NEW DELHI/MUMBAI (Reuters) - Google Inc launched in India on Monday a $105 smartphone, the first device from its “Android One” initiative which is aimed at boosting sales in key emerging markets through cheaper prices and better quality software.
The Mountain View-Based company tied up with Indian handset makers Micromax, Karbonn and Spice Mobiles to launch the 6,399 rupees phone, which is powered by Google’s operating system and targets the booming low-cost segment of the world’s fastest growing smartphone market.
After launching in India, Google said it plans to expand Android One to Indonesia, Philippines and other South Asian countries by the end of 2014 and in more countries in 2015.
The company is working with partners including Acer Inc, HTC Corp and Panasonic Corp to build more devices under Android One, Sundar Pichai, who heads Google’s Android and Chrome units, told reporters at the India launch event in New Delhi.
“When (handset companies) look to make a phone, they will get a menu. They can put together a device in a much quicker fashion, knowing we’ve already tested the software,” he added.
With Android One, Google aims to improve the quality of hardware and software by giving handset makers a frame of reference. Strong sales of Android One smartphones should mean more Internet access, and more usage of Google’s suite of products.
Currently, many cheap smartphones in India and other emerging markets run different and somewhat customized versions of the Android operating system. The many variations they produce make the phones prone to glitches, and leave Google with almost no control over its platform
Pichai said eventual software upgrades on the Android One phones would come directly from Google. This gives the company better control of the operating system and ensures users get a consistent service.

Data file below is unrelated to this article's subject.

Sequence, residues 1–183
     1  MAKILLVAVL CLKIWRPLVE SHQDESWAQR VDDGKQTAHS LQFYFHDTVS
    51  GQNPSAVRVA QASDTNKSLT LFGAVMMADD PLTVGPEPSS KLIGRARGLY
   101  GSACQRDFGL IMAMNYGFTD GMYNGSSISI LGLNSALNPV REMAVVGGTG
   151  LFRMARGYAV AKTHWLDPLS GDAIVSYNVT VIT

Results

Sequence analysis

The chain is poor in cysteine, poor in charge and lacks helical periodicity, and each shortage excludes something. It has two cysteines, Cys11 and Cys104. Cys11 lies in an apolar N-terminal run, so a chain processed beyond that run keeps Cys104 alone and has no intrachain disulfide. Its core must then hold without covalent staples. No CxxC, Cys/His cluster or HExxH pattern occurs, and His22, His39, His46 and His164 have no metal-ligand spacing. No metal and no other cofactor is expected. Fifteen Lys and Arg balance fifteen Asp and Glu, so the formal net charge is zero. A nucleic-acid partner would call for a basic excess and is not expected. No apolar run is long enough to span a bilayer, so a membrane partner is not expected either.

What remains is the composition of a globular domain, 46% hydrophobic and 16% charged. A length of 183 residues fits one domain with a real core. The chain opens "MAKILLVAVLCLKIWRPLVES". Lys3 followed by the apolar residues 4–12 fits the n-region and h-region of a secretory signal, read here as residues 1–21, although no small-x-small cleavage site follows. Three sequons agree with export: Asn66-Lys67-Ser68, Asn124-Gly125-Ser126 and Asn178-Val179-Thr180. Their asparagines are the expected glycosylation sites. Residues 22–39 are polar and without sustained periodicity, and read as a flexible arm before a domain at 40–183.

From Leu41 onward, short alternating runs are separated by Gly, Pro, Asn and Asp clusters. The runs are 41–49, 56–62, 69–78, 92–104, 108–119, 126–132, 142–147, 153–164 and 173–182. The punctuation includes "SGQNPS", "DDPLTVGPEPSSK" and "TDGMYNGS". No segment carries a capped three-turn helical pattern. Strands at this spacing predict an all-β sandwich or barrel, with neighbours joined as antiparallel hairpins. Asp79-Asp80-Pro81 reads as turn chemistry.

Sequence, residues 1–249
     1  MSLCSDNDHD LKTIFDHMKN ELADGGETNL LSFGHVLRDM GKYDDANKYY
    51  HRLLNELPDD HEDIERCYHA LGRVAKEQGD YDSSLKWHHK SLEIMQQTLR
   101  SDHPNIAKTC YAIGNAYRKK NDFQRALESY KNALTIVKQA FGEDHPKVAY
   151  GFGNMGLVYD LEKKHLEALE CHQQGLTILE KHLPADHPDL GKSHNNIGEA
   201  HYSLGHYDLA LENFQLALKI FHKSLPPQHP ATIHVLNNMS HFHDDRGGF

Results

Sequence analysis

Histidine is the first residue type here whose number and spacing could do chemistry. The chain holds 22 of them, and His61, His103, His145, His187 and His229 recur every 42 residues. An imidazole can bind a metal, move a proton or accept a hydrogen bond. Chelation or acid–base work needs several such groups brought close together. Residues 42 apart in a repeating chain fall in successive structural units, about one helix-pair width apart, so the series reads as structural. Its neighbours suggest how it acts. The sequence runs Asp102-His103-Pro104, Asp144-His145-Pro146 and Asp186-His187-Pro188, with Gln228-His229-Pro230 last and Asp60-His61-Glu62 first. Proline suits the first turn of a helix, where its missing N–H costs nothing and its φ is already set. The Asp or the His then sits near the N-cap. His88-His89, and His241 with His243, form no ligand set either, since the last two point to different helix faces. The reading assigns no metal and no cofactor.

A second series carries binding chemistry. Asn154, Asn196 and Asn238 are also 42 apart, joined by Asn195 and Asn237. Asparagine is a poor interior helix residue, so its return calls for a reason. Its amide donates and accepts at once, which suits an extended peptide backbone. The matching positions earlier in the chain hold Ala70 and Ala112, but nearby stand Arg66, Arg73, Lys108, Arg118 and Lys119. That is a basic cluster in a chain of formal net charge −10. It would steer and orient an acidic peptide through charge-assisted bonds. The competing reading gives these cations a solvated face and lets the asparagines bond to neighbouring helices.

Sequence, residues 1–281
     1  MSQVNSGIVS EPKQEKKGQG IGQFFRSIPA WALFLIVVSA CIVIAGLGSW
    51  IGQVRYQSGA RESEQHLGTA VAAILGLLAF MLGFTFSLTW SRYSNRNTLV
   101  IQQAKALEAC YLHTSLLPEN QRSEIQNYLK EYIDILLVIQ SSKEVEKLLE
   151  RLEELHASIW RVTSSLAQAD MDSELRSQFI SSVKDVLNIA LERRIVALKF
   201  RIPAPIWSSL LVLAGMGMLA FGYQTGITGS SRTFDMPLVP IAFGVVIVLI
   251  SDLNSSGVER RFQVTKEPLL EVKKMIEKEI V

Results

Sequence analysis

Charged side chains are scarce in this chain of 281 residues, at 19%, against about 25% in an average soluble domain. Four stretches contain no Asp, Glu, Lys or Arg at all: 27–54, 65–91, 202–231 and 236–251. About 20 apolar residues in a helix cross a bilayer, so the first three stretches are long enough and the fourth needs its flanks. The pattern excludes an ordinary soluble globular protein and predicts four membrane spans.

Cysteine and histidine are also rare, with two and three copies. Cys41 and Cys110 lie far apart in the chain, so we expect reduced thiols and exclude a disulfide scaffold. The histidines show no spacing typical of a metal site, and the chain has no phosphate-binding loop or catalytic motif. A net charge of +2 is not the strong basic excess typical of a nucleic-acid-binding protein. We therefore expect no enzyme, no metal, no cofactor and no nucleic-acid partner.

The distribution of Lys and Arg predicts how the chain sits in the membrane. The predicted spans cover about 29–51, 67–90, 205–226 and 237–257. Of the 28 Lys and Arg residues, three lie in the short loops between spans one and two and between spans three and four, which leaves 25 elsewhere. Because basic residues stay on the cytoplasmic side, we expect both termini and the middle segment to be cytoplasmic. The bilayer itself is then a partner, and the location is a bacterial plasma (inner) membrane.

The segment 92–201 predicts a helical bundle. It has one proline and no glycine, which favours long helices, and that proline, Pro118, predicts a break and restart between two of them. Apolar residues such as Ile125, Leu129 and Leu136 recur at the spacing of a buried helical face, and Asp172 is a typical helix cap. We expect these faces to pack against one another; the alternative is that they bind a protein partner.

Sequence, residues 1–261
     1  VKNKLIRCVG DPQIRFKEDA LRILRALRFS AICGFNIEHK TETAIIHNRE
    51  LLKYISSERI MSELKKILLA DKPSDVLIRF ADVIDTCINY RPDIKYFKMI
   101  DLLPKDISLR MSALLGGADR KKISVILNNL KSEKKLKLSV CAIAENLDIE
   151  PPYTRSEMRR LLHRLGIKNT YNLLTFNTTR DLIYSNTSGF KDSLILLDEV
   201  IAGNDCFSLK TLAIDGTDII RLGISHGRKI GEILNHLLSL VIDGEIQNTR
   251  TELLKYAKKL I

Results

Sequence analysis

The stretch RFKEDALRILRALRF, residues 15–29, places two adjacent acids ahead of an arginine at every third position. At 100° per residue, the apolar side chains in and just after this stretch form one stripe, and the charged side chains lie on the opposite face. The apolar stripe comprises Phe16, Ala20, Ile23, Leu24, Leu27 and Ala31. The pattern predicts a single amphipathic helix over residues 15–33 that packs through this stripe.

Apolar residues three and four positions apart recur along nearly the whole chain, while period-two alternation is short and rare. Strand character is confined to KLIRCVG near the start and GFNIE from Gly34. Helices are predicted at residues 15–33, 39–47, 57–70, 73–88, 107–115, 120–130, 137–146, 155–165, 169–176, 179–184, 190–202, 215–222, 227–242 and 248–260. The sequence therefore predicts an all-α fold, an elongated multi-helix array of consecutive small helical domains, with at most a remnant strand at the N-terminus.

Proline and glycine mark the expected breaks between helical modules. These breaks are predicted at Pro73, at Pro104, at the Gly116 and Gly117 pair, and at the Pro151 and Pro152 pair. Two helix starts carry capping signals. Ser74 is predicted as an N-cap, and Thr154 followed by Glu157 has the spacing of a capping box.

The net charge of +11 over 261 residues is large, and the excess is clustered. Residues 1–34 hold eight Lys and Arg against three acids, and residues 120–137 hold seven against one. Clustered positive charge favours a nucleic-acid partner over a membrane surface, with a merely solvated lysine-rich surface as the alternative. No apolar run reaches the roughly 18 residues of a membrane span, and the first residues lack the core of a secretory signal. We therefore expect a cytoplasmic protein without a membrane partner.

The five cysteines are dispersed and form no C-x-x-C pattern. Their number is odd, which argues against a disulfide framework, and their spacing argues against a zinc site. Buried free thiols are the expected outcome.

“After China and the United States, India is the third largest smartphone market in the world and Google won’t like to leave such a huge market in control of brands looking to use a custom-forked Android OS as is happening in China,” said Neil Shah, research director for devices and ecosystems at Hong Kong-based technology research agency Counterpoint Research.
India is an attractive market for companies that make low-cost smartphones because more people are now able to afford a smartphone, often for the first time.
Just 10 percent of the India’s population currently owns a smartphone, brokerage Nomura said in a recent research note, and that figure is likely to double over the next four years.
There are at least 80 smartphone brands in India and analysts say the Android One phones must offer customers more than just affordability if Google wants to compete with Samsung Electronics Co Ltd, Motorola and China’s Xiaomi, which all make similarly priced devices.
“The initial pricing never sticks but it’ll be tough for them to compete if they don’t come down further,” said Counterpoint’s Shah.
Customizing web content to suit Indian customers is a priority for Google, country head Rajan Anandan told Reuters last month. The new Android One phones can be used in seven Indian languages, including Hindi.
Google is also working on allowing users to watch YouTube videos offline in a country where access to the internet is often pricey and patchy.
($1 = 61.1000 Indian rupees)
Reporting by Tommy Wilkes in NEW DELHI and Nivedita Bhattacharjee in MUMBAI; Editing by Miral Fahmy